The Box by the Door
“You are the salt of the earth…”
February 7, 2020, Words By: Tim Merrill, Image By:
Chauncy and Jewel were joyously poor, with just enough to enjoy discounted books, matinee movies, and occasional grilled cheese sandwiches at the little spot on Main Street. Earlier in their romance, they strolled on South Street, where street performers and vendors, selling exotic folk-wear, mixed with hippies, punk rockers, experimental theaters, and vintage record shops.
Though much more gospel than punk rock, Chauncy and Jewel loved the energy and lack of pretense in this avant-garde section of the city — that is until the tourists came. Soon the street vendors were swept out by policies that favored retail chains, and the performers, hippies, and punk rockers were crowded out by suburban junkies eager to overdose on urban culture. The place wasn’t cool anymore, so Chauncy and Jewel retreated to the less faddish thoroughfare of Main Street.
Once, as Jewel and Chauncy set out for a Main Street grilled cheese sandwich, familiar notes filled their ears. The music led them to Diane, an old friend from the South Street days. Blind and joyous, she had been a regular at 4th & South for years, playing her flute, until she too was crowded out and swept away. Excited by familiar voices from friends who had always dropped money into her collection box, Diane shared with them her joys and pains, and how she craved a cup of coffee on that chilly afternoon.
So, Jewel and Chauncy made their way to a nearby Starbucks, only to discover their ignorance of words like Venti, Grande, and Macchiato. Chauncy explained that he simply needed a big cup of coffee for the woman playing the flute outside. Unexpected joy broke out in the shoppe at the news that someone cared enough to buy Diane a $3.00 cup of coffee, and with absolute glee, the manager announced the coffee was on the house.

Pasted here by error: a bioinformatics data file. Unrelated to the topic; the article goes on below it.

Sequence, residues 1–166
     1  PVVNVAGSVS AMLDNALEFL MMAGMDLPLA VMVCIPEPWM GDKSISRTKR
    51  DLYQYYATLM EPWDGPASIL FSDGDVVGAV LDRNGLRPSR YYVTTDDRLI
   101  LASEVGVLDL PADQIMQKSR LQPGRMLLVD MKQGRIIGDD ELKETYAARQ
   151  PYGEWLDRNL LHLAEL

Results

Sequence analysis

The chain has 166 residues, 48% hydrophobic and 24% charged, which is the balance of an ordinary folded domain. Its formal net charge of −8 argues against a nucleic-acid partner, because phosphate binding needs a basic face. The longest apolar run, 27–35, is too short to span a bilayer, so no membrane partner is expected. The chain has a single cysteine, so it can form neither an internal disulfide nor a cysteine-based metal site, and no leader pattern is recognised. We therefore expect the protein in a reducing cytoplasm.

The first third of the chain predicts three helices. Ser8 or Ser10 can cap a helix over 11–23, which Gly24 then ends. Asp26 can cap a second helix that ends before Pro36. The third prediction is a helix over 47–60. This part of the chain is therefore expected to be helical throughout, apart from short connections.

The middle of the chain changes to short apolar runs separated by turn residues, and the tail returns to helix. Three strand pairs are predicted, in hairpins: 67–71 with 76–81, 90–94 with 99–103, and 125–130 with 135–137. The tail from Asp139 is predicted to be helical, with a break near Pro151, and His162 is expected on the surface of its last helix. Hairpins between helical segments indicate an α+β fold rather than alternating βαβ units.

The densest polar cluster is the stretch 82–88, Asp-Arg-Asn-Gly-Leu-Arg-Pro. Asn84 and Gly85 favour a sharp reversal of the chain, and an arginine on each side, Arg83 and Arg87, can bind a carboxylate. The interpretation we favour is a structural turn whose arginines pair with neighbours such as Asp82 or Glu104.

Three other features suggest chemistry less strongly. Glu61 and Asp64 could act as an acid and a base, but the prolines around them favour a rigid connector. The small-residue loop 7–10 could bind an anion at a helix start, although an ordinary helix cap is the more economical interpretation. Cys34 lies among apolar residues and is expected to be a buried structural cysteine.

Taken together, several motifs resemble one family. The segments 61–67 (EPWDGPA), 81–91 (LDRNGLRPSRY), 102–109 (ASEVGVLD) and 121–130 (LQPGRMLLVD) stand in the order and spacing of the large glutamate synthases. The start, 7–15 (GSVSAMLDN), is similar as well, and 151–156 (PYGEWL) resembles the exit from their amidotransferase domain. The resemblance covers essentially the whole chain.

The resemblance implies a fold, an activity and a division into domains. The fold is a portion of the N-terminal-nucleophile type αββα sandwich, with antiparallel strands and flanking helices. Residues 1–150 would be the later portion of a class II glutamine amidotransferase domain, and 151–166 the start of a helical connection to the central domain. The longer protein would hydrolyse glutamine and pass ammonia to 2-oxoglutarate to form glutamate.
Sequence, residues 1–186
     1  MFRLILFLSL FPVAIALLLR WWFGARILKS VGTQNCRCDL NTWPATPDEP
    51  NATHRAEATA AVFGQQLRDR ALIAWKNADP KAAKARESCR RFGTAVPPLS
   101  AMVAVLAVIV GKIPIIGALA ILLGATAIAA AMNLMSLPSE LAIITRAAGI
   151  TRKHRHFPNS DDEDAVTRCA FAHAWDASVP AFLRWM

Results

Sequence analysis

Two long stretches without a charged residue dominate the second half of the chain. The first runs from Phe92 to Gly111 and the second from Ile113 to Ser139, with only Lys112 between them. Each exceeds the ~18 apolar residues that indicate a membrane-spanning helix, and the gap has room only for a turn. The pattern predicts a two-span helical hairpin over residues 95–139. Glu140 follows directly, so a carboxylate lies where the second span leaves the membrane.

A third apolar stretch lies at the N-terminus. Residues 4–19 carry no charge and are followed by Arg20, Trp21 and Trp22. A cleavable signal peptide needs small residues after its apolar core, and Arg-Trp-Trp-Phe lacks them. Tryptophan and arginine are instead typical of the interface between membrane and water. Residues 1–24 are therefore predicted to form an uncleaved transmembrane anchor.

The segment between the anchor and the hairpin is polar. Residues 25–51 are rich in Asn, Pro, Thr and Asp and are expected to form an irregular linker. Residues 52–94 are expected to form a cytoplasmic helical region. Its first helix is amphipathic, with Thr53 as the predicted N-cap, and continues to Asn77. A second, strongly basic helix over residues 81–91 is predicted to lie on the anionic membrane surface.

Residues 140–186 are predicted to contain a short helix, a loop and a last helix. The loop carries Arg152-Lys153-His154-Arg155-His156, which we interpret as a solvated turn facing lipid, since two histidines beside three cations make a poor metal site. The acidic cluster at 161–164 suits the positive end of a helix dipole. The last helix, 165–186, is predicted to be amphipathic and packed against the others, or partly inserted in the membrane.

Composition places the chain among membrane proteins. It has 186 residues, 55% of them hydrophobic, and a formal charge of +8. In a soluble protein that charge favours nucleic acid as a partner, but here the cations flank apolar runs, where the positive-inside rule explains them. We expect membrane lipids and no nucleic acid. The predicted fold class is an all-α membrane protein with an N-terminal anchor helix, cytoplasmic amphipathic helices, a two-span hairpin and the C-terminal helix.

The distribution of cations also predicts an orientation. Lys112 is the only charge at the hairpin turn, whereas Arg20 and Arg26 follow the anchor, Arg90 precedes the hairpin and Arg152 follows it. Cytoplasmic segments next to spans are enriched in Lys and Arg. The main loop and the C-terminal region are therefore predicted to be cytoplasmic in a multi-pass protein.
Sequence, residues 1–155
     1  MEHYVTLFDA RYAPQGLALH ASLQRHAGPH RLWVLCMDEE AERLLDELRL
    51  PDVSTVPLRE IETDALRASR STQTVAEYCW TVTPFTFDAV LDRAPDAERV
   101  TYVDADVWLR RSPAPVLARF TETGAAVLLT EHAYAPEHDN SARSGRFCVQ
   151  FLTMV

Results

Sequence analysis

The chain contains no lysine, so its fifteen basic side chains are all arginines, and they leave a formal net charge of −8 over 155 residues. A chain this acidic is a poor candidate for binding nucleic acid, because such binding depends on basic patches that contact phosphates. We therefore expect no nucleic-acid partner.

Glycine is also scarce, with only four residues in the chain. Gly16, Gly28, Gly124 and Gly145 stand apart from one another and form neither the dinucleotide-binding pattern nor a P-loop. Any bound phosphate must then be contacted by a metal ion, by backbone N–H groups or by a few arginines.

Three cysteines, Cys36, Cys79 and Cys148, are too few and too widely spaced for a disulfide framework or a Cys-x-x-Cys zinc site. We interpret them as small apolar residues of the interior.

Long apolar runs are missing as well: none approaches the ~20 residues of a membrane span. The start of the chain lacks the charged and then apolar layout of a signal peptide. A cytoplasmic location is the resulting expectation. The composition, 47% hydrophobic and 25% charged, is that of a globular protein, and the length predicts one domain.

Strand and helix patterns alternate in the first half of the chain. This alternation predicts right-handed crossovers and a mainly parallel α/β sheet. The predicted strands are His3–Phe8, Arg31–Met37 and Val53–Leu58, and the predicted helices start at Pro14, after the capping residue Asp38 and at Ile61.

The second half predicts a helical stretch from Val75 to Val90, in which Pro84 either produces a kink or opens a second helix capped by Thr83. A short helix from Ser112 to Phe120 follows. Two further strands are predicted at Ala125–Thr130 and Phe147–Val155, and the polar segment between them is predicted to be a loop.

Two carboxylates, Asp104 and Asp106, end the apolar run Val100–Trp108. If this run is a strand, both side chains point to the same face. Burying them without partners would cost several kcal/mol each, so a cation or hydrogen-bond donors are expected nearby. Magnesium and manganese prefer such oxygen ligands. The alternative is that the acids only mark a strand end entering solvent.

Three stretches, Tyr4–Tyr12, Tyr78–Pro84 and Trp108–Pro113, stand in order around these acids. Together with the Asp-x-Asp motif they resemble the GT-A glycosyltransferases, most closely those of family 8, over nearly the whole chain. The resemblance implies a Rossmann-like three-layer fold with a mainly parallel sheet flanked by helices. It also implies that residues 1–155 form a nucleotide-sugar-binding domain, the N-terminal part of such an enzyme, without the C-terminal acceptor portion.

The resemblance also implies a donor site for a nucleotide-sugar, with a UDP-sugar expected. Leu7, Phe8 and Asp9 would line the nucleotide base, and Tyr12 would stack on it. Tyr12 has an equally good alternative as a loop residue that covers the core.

Disoriented by the disproportional levels of coffee shoppe joy, the couple made their way back to Diane, handed her the steaming black warmth, and watched her launch into raucous delight. “I can’t believe you actually did this for me! This is the nicest thing ever! How could you be so kind?” She went on and on as Main Street’s eating, shopping, and strolling pedestrians stopped. Their faces smiled and their hearts melted in an instant of healing, all over a $3.00 cup of coffee. Embarrassed over all the fuss, Jewel and Chauncy exchanged final hugs with an overjoyed Diane and then quickly faded from Main Street, carrying some healing with them.
This world’s devotion to middle class affluence is predicated on the sacraments of global gentrification’s hard sweeping brooms, capitalism’s consumerist temples, and a careless society’s superhighways that bypass the poor, the blind, and those crowded out by “progress.” Yet, at an entrance to Jerusalem’s Western Wall, Israel’s most sacred site, there sits a box bearing the Hebrew label “Tzedakah” (Righteousness). The box is intended for pilgrims, tourists, and the faithful to deposit funds for the poor before proceeding with religious devotion. In today’s text, Jesus surmises his teaching on salt and light, the law, and keeping commandments, with the affirmation that our righteousness — our Tzedakah, must not ignore this box in the course of daily pilgrimages and acts of devotion.
Like in our times, I imagine the scribes and Pharisees referenced by Jesus must have fallen into traps of busyness, religious devotion, and progress that caused them and us to sidestep the box with hardly a notice. Still Jesus promises new life for those doing righteousness differently, those armed with humility and consciousness in the course of navigating through the hard-sweeping brooms, the temples, and the superhighways, longing for the kind of healing that can break out with the random kindness of a warm cup of coffee.